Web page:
Collaborating to Help Empower a Generation of Youth to End TB
Johnson & Johnson has worked to engage young people – both highly affected and highly connected – in the fight against TB to help drive health-seeking behavior in themselves and their communities, in order to enhance early diagnosis of TB and help ensure people with TB are connected to the care and treatment they need.
What are the health needs and challenges?
Despite being preventable and curable, tuberculosis (TB) is among the world’s deadliest infectious diseases, killing 1.6 million people in 2021. Of the estimated 10 million cases of TB that year, 4 million were “missed” from diagnosis, meaning 4 million people did not know they were infected, putting their own health at risk and potentially contributing to the further spread of the disease.
Youth represent a vulnerable population in the fight against TB. An estimated 1.8 million young people between 10 and 24 years of age develop TB each year, with the highest burden occurring in Southeast Asia and Africa. TB transmission rates in this age group can be up to 20 times higher than other populations, due in part to having a wider range of personal contacts outside of the home. Despite this risk, young people are less likely to seek care due to a lack of awareness of TB symptoms, stigma associated with the disease, structural barriers in accessing complex health systems, and a lack of family and social support, leading to millions going without diagnosis or treatment. It is therefore critically important to target and reach youth as part of the global effort to end TB.
Collaboration activities and how they address needs and challenges
Johnson & Johnson has worked to engage young people between the ages of 15 and 24 in high-burden countries – with the goal of helping to empower a generation of youth to end TB. The initiatives, in support of global efforts to help find the missing millions of people with undiagnosed TB, are part of Johnson & Johnson’s 10-year initiative6 to help drive progress toward the United Nations Sustainable Development Goal of ending this deadly, but preventable and treatable, disease by 2030.
Young people aged 10-24 represent the largest generation of youth in history, with 42 percent of the global population under 25. Further, young people aged 12-24-years in Southeast Asia and sub-Saharan Africa, regions that have high TB burdens, make up nearly half of the global youth population. They’re also more connected to each other and the world than ever before. Nearly three-quarters of young people globally are online, and many are actively engaged in social and civic activities, making them particularly adept at leveraging social media and emerging technologies.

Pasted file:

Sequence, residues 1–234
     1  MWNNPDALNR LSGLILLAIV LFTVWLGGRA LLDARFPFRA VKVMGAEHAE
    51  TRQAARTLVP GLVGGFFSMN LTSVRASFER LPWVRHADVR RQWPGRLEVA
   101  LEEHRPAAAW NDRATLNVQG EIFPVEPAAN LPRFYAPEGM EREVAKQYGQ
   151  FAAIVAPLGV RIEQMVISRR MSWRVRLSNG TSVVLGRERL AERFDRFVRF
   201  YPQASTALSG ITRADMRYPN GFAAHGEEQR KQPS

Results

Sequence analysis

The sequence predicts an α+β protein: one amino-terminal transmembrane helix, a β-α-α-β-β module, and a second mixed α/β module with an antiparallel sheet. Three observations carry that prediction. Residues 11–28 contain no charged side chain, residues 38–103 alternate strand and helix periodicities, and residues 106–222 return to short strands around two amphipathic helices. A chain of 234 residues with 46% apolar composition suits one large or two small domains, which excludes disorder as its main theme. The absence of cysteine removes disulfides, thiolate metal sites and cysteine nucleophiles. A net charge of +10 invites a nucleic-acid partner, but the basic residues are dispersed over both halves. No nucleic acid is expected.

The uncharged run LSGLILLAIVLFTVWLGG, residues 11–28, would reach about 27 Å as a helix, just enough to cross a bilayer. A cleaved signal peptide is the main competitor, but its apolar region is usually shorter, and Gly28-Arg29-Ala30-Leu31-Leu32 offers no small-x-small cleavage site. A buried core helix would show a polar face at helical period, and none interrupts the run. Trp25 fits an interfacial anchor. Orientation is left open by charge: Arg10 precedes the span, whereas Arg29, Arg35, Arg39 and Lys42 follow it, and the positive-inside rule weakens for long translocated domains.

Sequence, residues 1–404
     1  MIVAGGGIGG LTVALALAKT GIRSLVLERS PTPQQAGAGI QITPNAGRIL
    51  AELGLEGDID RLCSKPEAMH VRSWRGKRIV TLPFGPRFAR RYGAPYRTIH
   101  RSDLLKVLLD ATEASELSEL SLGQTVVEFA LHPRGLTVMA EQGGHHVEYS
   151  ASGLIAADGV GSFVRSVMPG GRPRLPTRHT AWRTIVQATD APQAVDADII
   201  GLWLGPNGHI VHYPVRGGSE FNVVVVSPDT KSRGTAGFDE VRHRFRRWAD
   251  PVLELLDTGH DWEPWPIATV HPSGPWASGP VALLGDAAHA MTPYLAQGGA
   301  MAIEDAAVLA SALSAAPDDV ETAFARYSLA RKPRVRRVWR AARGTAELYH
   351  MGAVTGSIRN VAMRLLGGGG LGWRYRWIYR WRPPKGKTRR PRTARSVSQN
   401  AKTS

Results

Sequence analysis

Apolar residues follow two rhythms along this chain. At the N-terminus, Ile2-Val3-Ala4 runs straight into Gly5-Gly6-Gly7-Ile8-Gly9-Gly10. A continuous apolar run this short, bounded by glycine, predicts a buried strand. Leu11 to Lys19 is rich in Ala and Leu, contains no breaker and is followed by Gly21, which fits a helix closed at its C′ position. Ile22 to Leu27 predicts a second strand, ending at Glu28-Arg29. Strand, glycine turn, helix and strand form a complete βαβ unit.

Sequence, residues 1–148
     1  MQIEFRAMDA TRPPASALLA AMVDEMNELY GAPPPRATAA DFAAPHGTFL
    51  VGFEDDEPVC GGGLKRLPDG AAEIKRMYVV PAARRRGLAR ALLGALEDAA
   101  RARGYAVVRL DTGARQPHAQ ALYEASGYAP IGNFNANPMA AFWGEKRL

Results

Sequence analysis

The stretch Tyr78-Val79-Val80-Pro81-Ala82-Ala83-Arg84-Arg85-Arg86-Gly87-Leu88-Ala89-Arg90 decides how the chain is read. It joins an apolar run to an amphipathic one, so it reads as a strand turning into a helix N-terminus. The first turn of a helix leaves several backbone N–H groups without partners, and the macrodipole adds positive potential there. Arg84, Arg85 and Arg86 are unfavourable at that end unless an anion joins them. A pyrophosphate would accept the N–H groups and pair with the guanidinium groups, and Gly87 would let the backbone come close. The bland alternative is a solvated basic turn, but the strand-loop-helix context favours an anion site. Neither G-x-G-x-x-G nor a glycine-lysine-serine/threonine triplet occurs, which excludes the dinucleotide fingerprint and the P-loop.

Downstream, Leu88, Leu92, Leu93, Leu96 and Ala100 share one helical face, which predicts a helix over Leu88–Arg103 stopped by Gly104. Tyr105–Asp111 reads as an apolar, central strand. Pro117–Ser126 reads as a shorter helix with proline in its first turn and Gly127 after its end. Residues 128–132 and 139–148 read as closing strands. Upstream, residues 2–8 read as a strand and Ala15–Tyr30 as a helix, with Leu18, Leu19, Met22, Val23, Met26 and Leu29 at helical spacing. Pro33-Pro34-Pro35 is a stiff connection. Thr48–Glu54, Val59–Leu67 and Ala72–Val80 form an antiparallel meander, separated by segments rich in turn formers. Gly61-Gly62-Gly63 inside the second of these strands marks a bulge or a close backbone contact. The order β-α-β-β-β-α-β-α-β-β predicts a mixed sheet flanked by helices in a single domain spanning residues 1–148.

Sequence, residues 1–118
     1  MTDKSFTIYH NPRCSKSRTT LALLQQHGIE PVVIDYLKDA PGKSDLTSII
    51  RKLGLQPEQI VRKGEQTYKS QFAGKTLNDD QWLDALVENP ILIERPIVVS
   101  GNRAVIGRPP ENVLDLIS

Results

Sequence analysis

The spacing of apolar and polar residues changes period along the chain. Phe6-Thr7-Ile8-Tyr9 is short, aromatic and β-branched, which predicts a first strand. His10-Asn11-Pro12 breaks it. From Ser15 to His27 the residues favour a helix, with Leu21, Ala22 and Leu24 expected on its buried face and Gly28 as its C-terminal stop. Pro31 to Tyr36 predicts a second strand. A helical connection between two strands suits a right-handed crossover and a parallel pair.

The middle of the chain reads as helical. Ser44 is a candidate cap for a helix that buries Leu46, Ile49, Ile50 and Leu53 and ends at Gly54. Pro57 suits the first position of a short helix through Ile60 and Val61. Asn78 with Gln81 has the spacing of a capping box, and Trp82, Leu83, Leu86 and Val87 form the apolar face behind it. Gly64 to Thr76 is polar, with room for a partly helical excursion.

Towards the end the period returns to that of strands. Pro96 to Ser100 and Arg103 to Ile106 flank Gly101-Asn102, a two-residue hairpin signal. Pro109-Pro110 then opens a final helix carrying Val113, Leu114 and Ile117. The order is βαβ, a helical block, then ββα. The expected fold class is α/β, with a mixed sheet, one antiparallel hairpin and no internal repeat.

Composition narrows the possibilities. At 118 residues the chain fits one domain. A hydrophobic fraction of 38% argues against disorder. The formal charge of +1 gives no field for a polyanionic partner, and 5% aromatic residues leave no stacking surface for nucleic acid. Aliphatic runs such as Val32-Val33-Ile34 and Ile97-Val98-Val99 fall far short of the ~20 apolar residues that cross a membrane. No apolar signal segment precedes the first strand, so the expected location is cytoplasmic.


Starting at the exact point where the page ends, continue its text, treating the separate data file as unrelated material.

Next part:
These factors make youth a critical voice and champion in the fight against TB. As part of the Company’s decades-long commitment to ending TB, in March 2022, Johnson & Johnson launched several initiatives, leveraging our unique expertise in patient insights to work in collaboration with governments and organizations to inform approaches to tackling TB.
As part of the Company’s commitment to the Corporate TB Pledge, Johnson & Johnson launched a youth-focused, digital-first campaign called Be the Change Badlaav (change in Hindi). Through social media, chatbots and more, the initiative aims to create youth “changemakers” for TB to encourage health-seeking behavior, increase awareness about the disease and build youth engagement and participation in support of the Government’s vision of a TB-free India.
The MTV Staying Alive Foundation built on the success of MTV Nishedh, a youth-focused “edutainment” campaign, which was supported by a Johnson & Johnson educational grant. As part of this initiative, sponsored by Johnson & Johnson, the MTV Staying Alive Foundation deployed Nivi’s askNivi chatbot, providing young people in India with information and resources on TB.
In Southeast Asia, Johnson & Johnson is launching TB Warriors, a concerted regional effort across Indonesia, the Philippines, Thailand and Vietnam to engage youth in taking charge of their country’s TB trajectory by actively managing their own health and advocating for those around them in fun and engaging ways using social media, mobile games and more.
- Global Commitment
- Infectious and Parasitic Disease
SGDs the partnership contributes to
- 3.3: Communicable Diseases & NTDs
- 3.8: Achieve universal health coverage
Infectious and Parasitic Disease
- Drug-Resistant Infections (AMR)